This project (post edited by Danville Weekly staff) is proposing a 5700 square foot house on a lot that has greater than 29% slope and is surrounded by, so far, unblemished oak ridgeland. Neighboring houses are no larger than 3600 sq ft. The average house is approximately 2000 sq ft.
The project puts neighboring houses at great risk for mudslides. The concerns of the neighbors have been ignored. We feel that we are sitting on a train track, bound, and waiting for the train to run us over.
Make no mistake, this could happen to you if you live in Alamo. It can happen in any neighborhood because the available land is either on the skyline or on the ridgeline.
Our local planning organization who works hard to preserve our quality of life and preserve it for the future have been unable to stop 257 outsize houses that have been constructed against their recommendations.
An appeal to our Supervisor, Mary Piepho was blown off. Issues surrounding the legitimacy of the process and the lack of public hearing were dismissed as merely issues to be considered in approving or denying the project.
We have no regional planning organization that is effectively looking after our interests. We will all suffer for this. It is time to have more care exercised on projects that have such a high impact and risk to the community.
Posted by Concerned Alamo resident., a resident of the Alamo neighborhood, on Jan 29, 2008 at 10:56 pm
Dear Alamo Granny. You need to mind your own business. If you don’t like your neighbors, might I suggest that you move? I do know which project you are talking about and we/others in the neighborhood are delighted to have a house like this built in Alamo. How you ever considered moving to another part of town?
Posted by Jason T, a resident of the Alamo neighborhood, on Jan 30, 2008 at 12:25 pm
That is very cowardly of “Granny” to post a thing like this here without identifying herself. The fact that she is “Granny” should tell you something. I met the owner once as i drove past his lot. He actually purchased that lot last year. The problem is not with the owner but his next door neighbor. I think it is time for Granny to move to Florida and leave people alone. Maybe she will prefer hurricanes to mudslides. Welcome to the neighborhood.
Posted by Robin Hood, a resident of another community, on Jan 31, 2008 at 1:23 pm
Here is an update:
The people whom are making these postings are (post edited by Danville Weekly staff). They have had issues with neighbors before. I am one of them.
Yes, she is a granny thus the name Granny Alamo. She wears the pants around the house. Poor Fred has to follow her directions. The guy doesn’t want to get involved in this dispute, yet he has to follow the wife’s directions. I heard how they tried to buy this vacant lot that they are so opposed to.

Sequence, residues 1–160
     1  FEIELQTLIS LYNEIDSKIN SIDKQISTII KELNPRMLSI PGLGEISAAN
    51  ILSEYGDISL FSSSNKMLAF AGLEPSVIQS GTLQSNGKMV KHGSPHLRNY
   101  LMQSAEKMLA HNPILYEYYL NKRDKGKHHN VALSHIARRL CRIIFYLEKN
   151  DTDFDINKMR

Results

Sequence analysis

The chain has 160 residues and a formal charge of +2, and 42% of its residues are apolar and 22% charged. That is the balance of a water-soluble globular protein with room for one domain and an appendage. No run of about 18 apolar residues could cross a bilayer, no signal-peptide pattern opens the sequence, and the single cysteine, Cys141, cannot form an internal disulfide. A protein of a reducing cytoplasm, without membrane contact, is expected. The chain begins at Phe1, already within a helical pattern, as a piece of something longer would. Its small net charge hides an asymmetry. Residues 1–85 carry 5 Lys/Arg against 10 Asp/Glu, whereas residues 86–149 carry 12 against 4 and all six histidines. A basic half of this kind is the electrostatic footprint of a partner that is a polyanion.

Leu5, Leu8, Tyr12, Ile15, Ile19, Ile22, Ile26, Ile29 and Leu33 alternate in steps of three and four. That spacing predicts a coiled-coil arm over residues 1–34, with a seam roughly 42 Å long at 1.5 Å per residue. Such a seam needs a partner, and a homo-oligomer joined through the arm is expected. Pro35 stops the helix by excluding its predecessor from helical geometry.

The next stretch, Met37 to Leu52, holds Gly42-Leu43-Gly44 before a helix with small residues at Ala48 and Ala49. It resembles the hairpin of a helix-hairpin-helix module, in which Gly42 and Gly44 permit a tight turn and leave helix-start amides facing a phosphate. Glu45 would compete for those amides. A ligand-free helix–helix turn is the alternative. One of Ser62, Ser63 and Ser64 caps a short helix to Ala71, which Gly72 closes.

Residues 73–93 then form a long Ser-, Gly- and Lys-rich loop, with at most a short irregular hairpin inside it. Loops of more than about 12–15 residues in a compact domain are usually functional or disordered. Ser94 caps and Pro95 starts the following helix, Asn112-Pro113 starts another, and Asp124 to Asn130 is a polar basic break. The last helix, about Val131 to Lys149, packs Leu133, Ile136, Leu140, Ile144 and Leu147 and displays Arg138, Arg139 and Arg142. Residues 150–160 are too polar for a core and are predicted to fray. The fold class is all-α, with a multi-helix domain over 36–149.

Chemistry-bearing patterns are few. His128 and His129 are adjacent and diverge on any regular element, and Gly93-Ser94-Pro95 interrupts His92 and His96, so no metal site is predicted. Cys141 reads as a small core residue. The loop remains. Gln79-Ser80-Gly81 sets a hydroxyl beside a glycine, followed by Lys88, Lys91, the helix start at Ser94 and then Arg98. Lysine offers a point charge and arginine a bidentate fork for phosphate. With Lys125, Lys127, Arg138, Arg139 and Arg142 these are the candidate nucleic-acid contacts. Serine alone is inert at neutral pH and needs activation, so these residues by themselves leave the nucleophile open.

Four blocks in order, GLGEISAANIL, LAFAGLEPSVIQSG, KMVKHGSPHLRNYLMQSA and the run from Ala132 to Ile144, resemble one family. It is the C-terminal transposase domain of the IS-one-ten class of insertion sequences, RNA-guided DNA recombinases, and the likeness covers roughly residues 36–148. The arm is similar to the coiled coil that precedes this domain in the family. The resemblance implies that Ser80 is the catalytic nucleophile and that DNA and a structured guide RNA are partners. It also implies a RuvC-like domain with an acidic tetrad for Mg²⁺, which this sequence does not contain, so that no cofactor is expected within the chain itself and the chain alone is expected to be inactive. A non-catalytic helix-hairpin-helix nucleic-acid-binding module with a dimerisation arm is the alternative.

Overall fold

They tried to buy it for literary next to nothing. (Pennies on the dollar). Obviously the previous owner rejected it.
Now they are all pissed and are giving this new home owner a hard time.
Posted by Hal Bailey, a resident of another community, on Jan 31, 2008 at 3:20 pm
This forum chain started with a question from Poplar Branch NC. Through the exchange here on the Town Square Forum and among the e-chains of All things Alamo & Pop(u)lar, we concluded that Alamo California is a collection of neighborhoods and not a community. AS the commentary moved to actual issues within Alamo California neighborhoods, the question became do neighborhoods exist? The responses from a few neighbors would suggest that some areas of Alamo are not neighborhoods.
We are left with a question for further discussion, "Is Alamo CA only a ZIP code and a collection of mail boxes?" as several neighbors have suggested. It would appear that Alamo is seen by some as individual residences and not neighborhoods or a community.
Express your thoughts?
Distributed to All things Alamo & Pop(u)lar e-chain
Posted by R.S., a resident of the Alamo neighborhood, on Jan 31, 2008 at 7:48 pm
With all due respect, Alamo is full of people with hatred. They want their own space and want no one near them. Although they are not racist, they do not like anyone other then white people living in their city. I am sorry to have to put it that way.
Posted by Oxymo Ron, a resident of another community, on Feb 1, 2008 at 7:24 am
Alamo is full of individuals with indifference toward neighbors that are not part of their factional cultures. In the silence of the Alamo Region are neighborhoods, as a majority of residents, gathering as neighbors in private, neighbor-to-neighbor communication and providing a welcoming voice to the majority of our community and alliance with communities and neighborhoods throughout Contra Costa.
Unfortunately, our Alamo Region is judged by the actions of community groups that are an extremely small minority that wish to define a community to their own cultural preferences and prejudices. That is indifference and not hatred. It is cultural prejudice and not a matter of race or greed.